Russian Government Changed Its MindAdded: Tuesday, April 23rd, 2013
Category: Recent Headlines Involving File Sharing > Current Events
Tags:ET, p2p, Torrent, Piracy, Peer To Peer, Network, Hackers, Internet, BitTorrent, Google, utorrent, bitcomet, extratorrent, 2010, www.extratorrent.com
The Russian government decided to try and avoid the disastrous effects of misdirected copyright enforcement like it happened with the United States, while at the same time keeping piracy at bay. As such, the authorities have announced they would adopt a different approach.
At the moment, governments from all over the world are trying to fight digital piracy, either by dragging thousands of suspected copyright infringers into mass lawsuits or by pursuing the source – file-sharing portals. The problem is that neither of these methods worked – instead, their efforts only increased the popularity of such services, while doing nothing to stop piracy from spreading. As a result, a regime known as graduated response system was enforced in many countries. However, the governments failed to find a better solution – for example, launching more places on the Internet where people can purchase legal content. The authorities usually can’t understand that there is a vital difference between “hardcore pirates” and the ordinary BitTorrent users and therefore fail to suggest improved copyright legislation which wouldn’t undermine people’s freedom of speech and human rights. Although for the government it would be enough to educate the regular Internet users about copyright law, this isn’t enough for copyright owners, who are never tired of targeting file-sharers by the hundreds of thousands.
Vladimir Grigoryev, a head of the Federal Service for Supervision of Communications, Information Technology and Mass Media, announced that they aren’t going to hold Internet users responsible for downloading as the United States does, and won’t bring owners of PCs to court. But this doesn’t mean that piracy will thrive in Russia. The authorities are determined to impose stricter rules regarding portals facilitating copyright violation. In other words, the owners of pirate websites will be hold liable for infringement, not end users. As for the users, they will soon be the subjects of educational programs, just as their American fellows.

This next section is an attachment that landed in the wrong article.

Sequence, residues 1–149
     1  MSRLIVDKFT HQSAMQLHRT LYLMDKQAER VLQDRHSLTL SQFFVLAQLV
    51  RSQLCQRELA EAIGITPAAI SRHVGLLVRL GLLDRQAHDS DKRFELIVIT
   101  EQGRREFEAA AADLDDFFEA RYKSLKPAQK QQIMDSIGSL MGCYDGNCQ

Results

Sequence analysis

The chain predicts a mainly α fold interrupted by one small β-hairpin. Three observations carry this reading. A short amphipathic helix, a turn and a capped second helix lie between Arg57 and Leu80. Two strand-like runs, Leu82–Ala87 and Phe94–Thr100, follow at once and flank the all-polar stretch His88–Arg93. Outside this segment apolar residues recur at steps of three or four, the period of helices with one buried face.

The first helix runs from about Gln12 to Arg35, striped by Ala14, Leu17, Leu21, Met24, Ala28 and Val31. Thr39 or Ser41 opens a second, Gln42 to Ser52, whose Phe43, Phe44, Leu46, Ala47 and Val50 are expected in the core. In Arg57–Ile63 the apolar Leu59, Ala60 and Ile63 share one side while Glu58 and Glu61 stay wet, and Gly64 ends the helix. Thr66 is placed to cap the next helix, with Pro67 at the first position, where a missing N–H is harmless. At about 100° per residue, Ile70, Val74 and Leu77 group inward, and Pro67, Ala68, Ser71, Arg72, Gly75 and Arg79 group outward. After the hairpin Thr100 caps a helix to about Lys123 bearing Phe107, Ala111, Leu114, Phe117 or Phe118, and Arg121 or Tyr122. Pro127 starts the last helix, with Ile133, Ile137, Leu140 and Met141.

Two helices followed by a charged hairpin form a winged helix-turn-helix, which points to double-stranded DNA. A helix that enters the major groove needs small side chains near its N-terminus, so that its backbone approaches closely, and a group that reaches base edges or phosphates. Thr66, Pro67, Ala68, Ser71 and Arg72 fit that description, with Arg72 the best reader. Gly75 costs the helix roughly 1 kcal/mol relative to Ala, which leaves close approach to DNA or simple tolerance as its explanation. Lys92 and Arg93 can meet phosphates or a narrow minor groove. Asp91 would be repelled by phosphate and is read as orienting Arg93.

Thus far, there are no details about the campaign, but Russian authorities seem to be confident. The experts doubt that the country’s entertainment industry, which is known for sending complaints about VKontakte (InTouch) and AllofMP3 clones for a while now, will be satisfied once such campaigns kick in.
April 23rd,2013Posted by:
Tuesday, April 23rd, 2013
|educational programs?wat kind?|
Does it mean that many ppl dont know that there are legitimate ways of getting the content they want..and thats why they go for the "free" stuff?
|posted by (2013-04-23 20:44:51)|
|What were they going to do? Put everyone in jail|
|@paavan As u aware in India there re lots of people who goes to a locale shop to buy legal stuffs, but as soon as the shoper knows the person doesn't know he gives him the pirated stuff in cheap saying tht its on sale.I think the same is the case in russia...this may be tackled by educational programs|
|well at least one good thing the end users will not get persecuted to the tune of 100,000`s for downloading a few films or music etc,but the downside is that they will be clamping down on torrent portals so cutting out the source (or so they think).It will come to site closures eventually but then their will be anonymous torrent boards over I2P or IRC or other protocols,some programs may have an updatable database of torrents updated through feeds there will always be a workaround as has been demonstrated with the pirate bay over the years and others,the digital revolution is here to stay comrades. (:^D)|
|"Educational programmes" in Russia traditionally meant being sent to a Siberian prison camp. But harsh for a couple of films.||
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